LOGAN COUNTY, WV (WOWK) – “We are opening on January 19th,” said Governor Jim Justice in his COVID-19 briefing Monday.
West Virginia schools are opening back up again in one week.
“We certainly want to prioritize school,” said Dr. Clay Marsh, WV COVID-19 Czar. “We believe that’s very important for all of our students – that we can get back into the classroom.”
Almost a year into the pandemic, and we’re learning just how serious the virus is inside our schools.
“We have seen very little spread, as the Governor has said repeatedly and so have I and others, in the classroom,” said Dr. Marsh.
“We are still kind of waiting to see what their actual guidance will be,” said Jeremy Farley, the superintendent for Logan County Schools.
Farley says the Governor will release an executive order soon; and that – along with guidances from the State Board of Education – should help him and his board decide what to do for next week.
But there are concerns.
“Our numbers are significantly higher than what we’d like to see,” said Farley. “Our color on the chart is about 3 to 4 times what the state says is a risk factor. So there is some apprehension from not only board members, but members of the community, about going back to school 5 days a week at this point.”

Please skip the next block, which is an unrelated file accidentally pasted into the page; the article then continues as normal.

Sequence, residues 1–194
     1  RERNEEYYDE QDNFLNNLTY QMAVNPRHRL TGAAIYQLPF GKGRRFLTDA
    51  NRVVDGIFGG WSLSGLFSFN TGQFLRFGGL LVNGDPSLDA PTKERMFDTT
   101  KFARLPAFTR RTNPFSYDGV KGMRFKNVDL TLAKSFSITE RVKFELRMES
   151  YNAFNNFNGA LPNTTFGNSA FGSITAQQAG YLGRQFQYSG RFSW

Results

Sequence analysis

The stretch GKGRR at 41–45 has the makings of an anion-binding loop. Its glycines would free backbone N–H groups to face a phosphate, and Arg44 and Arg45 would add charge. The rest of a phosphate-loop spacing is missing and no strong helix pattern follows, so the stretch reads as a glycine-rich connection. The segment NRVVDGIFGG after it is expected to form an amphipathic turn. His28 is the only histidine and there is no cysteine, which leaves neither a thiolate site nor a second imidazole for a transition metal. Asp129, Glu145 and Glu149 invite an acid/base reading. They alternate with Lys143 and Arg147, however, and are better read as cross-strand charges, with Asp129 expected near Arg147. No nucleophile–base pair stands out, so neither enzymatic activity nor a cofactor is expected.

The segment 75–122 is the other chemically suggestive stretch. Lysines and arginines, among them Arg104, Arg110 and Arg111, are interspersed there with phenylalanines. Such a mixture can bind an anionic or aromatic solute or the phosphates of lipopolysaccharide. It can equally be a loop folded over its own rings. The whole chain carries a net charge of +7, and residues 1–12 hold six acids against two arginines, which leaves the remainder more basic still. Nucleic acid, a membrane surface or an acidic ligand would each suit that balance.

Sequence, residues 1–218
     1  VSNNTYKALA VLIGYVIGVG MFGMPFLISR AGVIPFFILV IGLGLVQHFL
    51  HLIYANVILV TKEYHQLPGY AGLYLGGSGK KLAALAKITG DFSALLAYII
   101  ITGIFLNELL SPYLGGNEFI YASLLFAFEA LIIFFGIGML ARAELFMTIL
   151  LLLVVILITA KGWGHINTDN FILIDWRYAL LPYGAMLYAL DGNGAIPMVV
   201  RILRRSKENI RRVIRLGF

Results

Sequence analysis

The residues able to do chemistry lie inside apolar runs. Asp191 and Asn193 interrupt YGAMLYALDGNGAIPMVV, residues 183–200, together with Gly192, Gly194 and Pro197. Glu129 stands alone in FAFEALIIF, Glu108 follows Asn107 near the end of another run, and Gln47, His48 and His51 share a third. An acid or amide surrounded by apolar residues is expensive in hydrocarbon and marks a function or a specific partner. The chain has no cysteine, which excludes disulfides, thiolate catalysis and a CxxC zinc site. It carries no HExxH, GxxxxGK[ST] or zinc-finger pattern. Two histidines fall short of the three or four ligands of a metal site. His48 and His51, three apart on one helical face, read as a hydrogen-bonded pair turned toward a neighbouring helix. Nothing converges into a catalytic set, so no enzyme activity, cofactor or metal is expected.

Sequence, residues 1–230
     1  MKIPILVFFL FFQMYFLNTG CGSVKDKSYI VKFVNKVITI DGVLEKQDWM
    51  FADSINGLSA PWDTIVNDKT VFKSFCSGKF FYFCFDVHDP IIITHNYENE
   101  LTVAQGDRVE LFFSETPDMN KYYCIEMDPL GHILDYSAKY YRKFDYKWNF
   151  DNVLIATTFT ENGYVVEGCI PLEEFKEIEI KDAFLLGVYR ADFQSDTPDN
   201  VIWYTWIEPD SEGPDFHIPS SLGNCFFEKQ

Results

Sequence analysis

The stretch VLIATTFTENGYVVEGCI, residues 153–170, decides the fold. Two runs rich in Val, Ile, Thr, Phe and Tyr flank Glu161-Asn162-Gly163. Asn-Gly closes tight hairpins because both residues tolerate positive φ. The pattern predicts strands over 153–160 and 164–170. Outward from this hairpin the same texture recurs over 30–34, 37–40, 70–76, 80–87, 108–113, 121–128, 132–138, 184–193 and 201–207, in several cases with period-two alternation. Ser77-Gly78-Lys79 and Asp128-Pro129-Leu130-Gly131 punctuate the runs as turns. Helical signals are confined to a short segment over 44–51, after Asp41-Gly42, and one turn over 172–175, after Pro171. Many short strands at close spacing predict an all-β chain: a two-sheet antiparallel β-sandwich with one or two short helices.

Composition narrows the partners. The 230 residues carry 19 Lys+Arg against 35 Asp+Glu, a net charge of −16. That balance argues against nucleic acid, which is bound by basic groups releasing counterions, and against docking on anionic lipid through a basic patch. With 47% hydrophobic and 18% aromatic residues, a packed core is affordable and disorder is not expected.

Logan County was also the first to hit ‘red’ on the color-coded map; and the county has struggled with its numbers since.
“As a school system, we’ve been remote for over a month now,” said Farley.
A spike in positive cases after Thanksgiving forced the schools to go ‘all remote,’ and the students haven’t been back in the classroom since.
Farley says another concern is absences due to exposures.
He says when the schools were in-person learning, teachers and students often had to be pulled out of class.
Not because they were COVID-positive, but because of being exposed to the virus.
“Is that creating more chaos for the student?” asked Farley. “To go to school for a week or two and then have to be quarantined? And be learning online again anyway?”
And of course, being a rural county, there is a third concern.
“We’re at the point in the year that a lot of our students have fallen behind,” said Farley. “And it’s not a failure of the teachers. It’s not a failure of the students. It’s just the situation we’re in and we’re trying to overcome those barriers the best we can.”
Farley and his board are holding meetings both Tuesday and Thursday to discuss the new guidelines, and what is the best option for Logan County.